Nkandla blame game

2014-09-14 15:00

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Senior public works officials abdicated their responsibilities to exercise oversight over the spending in the controversial Nkandla project for President Jacob Zuma’s private residence and allowed consultants to dictate terms.

A Special Investigating Unit (SIU) probe has found this led to the costs spiralling out of control from R27 million to R246?million.

The SIU report, released this week by Zuma to Parliament, has laid the blame for the exorbitant costs at the door of 15 public works officials, four of whom have since left the department, while 11 others, who are still with the department, were members of the regional bid adjudication committee which “unjustifiably” approved the appointments of contractors who were “enriched” through the project.

They have been charged by the department for contravening the Code of Conduct for Public Service because they allegedly failed to do their jobs to ensure there was no irregular, fruitless and wasteful expenditure.

Among the senior officials identified by the report are Solly Malebye, Sam Vukela and Siviwe Dongwana, who were acting or permanent directors-general between 2009 and 2012.

The unit has referred the three, who are no longer with the department, to the National Prosecuting Authority to consider charging them criminally – which may mean some of the money spent on Nkandla could be recouped from them.

According to the report, during the investigation, some of the senior officials – like project managers Jean Rindel, Sam Mahadeo and the department’s manager of the KZN office, Kenneth Khanyile – “suggested” that they had been told to “destroy or not to keep documents” related to the Nkandla project.

But when asked by SIU investigators to identify who had instructed them to destroy documents, they refused to say.

The report said their seniors also denied instructing any of the three to destroy documents.

Khanyile, however, told the SIU that members of the regional bid adjudication committees, who face disciplinary charges, were under “immense pressure” to expedite construction of the Nkandla project.

He said because the project related to a head of state and his security, neither business processes nor Treasury regulations were followed.

According to the report, criminally charging Khanyile (who has resigned from the department), under the Public Finance Management Act may not be possible since he was not the accounting officer of the department at the time.

The report also mentions Khanyile telling SIU investigators that he faced “general threats” to fast-track the project and was told that if Zuma’s life were ever in danger and the project was incomplete, he would be held personally responsible and could be redeployed or lose his job.

He told investigators there was “no room to question or disregard instructions” on the Nkandla project, but when asked to name the people who made threats to him, he refused.

Minenhle Makhanya, the architect who is being sued for R155?million by the department, emerged as the central figure who authorised payments to the companies involved in Nkandla, some of whom the report found were paid for work they did not do.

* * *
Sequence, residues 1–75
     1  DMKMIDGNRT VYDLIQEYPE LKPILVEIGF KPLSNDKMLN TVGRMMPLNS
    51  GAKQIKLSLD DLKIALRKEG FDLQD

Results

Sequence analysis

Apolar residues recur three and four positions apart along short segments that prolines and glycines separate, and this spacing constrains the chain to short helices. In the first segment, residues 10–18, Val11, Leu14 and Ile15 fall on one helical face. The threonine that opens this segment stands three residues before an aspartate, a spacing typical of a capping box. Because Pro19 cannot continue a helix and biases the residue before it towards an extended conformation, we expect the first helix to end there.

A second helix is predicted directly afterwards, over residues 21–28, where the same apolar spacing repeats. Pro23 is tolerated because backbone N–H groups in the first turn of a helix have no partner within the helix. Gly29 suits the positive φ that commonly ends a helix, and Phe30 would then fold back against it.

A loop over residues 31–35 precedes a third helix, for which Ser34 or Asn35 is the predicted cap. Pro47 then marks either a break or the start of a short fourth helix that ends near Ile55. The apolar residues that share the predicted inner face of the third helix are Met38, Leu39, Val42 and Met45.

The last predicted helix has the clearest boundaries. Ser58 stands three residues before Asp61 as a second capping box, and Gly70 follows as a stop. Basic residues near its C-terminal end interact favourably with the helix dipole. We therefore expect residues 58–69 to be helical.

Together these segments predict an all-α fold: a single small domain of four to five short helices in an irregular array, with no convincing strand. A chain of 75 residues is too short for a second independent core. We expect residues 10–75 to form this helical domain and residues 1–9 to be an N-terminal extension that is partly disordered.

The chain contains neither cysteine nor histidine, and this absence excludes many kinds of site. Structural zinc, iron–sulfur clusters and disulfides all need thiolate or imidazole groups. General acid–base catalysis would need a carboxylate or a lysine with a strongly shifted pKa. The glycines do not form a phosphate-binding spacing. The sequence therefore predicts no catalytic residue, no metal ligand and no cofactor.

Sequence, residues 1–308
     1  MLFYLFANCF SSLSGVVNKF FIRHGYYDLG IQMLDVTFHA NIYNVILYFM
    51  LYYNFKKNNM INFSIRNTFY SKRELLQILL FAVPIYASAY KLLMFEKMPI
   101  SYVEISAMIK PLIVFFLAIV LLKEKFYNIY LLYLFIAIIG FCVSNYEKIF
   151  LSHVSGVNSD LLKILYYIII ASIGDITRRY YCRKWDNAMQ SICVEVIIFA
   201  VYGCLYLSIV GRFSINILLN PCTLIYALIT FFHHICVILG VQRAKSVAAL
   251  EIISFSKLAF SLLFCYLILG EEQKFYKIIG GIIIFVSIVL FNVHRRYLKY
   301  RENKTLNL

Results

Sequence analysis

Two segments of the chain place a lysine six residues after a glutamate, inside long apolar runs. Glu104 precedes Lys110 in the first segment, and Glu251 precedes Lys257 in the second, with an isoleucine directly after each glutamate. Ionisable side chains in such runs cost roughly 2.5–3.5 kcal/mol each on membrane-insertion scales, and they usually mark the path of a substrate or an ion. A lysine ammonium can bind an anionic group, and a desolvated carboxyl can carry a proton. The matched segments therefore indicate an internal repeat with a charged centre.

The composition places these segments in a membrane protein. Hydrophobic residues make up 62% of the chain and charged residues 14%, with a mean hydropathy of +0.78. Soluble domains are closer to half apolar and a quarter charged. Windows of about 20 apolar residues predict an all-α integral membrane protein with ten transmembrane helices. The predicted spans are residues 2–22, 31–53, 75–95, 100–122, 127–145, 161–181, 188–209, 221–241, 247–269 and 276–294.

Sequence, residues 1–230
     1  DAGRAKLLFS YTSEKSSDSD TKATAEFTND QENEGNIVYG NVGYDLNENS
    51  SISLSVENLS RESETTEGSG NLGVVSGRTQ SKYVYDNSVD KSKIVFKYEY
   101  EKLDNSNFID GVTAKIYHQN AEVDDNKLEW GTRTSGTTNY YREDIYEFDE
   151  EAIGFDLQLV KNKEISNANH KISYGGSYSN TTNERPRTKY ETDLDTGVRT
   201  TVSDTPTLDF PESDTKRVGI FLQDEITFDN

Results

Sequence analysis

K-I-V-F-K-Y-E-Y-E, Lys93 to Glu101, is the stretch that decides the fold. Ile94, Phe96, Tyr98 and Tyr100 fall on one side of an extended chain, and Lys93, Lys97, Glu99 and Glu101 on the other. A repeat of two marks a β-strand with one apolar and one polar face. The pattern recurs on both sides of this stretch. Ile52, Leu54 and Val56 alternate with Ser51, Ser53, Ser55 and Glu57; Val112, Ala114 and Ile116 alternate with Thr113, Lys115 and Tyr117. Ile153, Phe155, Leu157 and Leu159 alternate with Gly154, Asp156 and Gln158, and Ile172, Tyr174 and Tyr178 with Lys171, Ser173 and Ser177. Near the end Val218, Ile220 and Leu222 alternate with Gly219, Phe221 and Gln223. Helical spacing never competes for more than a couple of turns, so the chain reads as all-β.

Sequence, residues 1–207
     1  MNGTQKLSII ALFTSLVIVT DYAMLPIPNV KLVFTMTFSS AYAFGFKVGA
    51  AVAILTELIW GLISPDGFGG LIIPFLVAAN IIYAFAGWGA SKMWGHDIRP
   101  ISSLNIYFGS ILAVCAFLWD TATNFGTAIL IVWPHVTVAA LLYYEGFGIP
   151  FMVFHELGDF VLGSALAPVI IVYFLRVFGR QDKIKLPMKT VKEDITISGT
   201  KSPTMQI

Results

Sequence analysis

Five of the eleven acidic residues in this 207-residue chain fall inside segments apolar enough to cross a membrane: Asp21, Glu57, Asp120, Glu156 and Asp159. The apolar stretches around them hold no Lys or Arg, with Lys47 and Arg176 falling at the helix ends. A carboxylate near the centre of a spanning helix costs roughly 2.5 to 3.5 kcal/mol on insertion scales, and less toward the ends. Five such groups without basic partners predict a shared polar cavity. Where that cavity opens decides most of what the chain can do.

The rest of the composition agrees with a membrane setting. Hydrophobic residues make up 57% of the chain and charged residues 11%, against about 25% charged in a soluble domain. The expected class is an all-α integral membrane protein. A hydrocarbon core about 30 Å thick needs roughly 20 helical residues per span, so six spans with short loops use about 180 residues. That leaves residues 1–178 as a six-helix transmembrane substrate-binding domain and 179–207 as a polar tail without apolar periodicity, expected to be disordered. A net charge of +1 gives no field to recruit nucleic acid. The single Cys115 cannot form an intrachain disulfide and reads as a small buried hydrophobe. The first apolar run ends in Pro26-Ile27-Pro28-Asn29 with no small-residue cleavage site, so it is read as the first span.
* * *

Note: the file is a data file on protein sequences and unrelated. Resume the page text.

The stinging report reveals a slew of instances where officials failed to do their jobs and “unlawfully” allowed “outside” professionals, led by Makhanya, to irregularly expand the scope of the project.

In one instance, the report notes, in spite of having a senior quantity surveyor, Johannes Crafford, and an experienced architect, Glenda Paisley, appointed by the department to advise and provide support to the Nkandla project, both of them were removed after they raised concerns about the project’s lack of planning and financial management.

The SIU has also referred some of the contractors and consultants to the SA Revenue Service because it believes the tax clearance certificates they used to get contracts at Nkandla were “possibly fraudulent or invalid”.

According to the report “it was on Rindel’s watch that the costs of the project soared so exponentially”.

Rindel told City Press he had not seen the report and was unaware of any disciplinary action pending against him.

“I have given my full cooperation to the investigation. That is all I can say without reading the report. I don’t know if the SIU has recommended disciplinary action against me because no one has told me. The only thing I can say is that I still work for the department as a project manager,” said Rindel.

The report also indicates that although department officials calculated the “private costs” for Zuma to pay from his own pocket at R22?million in August 2009, this figure eventually dropped to just under R3?million by June 2011.

The report also shows that none of the officials could explain what happened to Zuma’s “private costs” towards upgrades that were not part of security installations, including the so-called fire pool.

Two sources involved in the investigation also told City Press that despite combing through tens of bank accounts registered to contractors and department officials, the SIU did not find a “cent out of place” to suggest bribery or corruption.

A source within the SIU said bank accounts of close relatives of officials and contractors were also investigated – including those of former public works minister Geoff Doidge and his then deputy Hendrietta Bogopane-Zulu, who were involved during the main procurement period.

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